Rule Of Space
Objects in motion need a little lead room — space into which they appear to move.
The nuts and bolts: The rule of space says that you should have more space in front of the subject than behind, thus giving the subject space to move into within the picture.
When users see a button with an arrow, sometimes they feel a little anticipation about what it’ll do. They expect it will do something, sure — but only after they tap it.
But some buttons look pre-tapped. Like the arrow’s already moving out of the frame. That’s because directive shapes like triangles and arrows should not be perfectly centered.
The Rule of Space says that when conveying motion, you should leave space into which the object appears to move. Compositions facing to the right, say, a play button, need a little extra room on the right side for the arrow to “move.” Without that space, the arrow looks off-balance, even if it’s correctly centered.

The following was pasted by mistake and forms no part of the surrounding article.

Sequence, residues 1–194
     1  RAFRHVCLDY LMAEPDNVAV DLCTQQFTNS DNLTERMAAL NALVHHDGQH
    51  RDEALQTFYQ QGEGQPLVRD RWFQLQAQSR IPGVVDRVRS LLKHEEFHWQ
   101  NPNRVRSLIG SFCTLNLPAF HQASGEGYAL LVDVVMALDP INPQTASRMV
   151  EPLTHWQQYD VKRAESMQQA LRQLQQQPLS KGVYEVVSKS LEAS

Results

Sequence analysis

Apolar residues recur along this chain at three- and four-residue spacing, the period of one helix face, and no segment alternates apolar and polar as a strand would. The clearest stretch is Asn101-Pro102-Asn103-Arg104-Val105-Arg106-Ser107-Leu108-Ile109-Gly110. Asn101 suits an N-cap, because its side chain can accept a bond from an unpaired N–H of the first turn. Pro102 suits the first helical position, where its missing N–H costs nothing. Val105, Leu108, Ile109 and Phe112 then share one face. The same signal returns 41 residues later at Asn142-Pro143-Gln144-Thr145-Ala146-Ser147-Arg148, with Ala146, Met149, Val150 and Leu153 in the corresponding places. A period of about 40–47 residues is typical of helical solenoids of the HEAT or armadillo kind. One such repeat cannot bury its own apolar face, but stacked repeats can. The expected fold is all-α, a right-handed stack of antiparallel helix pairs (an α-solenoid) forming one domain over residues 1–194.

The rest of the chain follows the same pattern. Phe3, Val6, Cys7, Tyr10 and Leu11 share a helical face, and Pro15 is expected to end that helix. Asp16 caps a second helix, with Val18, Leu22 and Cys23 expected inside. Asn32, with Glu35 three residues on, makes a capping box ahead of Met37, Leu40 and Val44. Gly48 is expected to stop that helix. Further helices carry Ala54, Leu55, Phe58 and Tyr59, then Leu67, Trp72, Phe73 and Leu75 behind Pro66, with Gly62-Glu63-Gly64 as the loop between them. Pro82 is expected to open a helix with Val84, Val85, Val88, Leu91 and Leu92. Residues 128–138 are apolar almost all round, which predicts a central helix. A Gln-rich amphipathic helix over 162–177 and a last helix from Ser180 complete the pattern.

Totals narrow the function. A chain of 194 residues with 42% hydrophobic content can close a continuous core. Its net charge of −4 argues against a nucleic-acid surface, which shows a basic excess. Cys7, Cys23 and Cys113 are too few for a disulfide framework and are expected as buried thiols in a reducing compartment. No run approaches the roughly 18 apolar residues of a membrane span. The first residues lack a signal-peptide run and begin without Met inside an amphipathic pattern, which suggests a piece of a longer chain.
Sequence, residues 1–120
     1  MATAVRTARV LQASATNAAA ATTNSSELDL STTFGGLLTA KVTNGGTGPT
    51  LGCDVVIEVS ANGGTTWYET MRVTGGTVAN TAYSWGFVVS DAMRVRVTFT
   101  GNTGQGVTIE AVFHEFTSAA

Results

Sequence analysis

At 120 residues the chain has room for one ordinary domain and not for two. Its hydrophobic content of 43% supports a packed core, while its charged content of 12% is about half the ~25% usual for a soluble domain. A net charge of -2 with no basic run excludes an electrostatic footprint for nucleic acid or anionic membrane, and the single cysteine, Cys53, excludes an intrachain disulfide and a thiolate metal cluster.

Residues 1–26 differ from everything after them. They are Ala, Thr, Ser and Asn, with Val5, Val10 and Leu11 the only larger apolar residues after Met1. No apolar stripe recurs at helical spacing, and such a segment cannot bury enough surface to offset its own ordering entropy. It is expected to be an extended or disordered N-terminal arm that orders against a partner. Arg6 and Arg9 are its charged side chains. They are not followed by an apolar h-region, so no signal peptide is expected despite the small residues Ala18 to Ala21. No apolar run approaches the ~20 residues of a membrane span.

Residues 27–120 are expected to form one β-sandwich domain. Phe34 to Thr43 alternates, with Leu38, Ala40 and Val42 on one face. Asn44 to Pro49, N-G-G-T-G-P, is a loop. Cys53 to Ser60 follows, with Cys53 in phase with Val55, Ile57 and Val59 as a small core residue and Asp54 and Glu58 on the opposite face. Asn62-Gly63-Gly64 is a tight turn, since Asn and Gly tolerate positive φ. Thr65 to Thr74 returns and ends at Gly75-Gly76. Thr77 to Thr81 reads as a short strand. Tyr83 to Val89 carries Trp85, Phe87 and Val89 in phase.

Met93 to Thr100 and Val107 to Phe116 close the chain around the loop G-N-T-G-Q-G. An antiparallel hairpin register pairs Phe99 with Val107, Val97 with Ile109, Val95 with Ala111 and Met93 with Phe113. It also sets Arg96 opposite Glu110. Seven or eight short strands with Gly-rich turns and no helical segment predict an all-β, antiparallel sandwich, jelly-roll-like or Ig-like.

This idea isn’t limited to buttons. Photos and page layout also benefit from giving elements a little room to play.
Above: Not only does the person in the photo have lead room, but we naturally follow her gaze to her hand — and it’s a short step from there to the site’s logo. (Source)
Above: The people in the photos above are positioned in the right because they face left, giving them a little breathing room. Well, OK, the guy facing the wall is only facing slightly left. But still. (Source)
This subtle rule requires a good deal of finesse and a healthy dose of instinct. You can’t just measure x pixels from one side vs. the other. But giving the object in question a little room to move into also gives users a sense of balance. Maybe even anticipation for what happens when they tap that button.
Make sure you have that Rule of Space in your site with the easy to use Helio Test Template.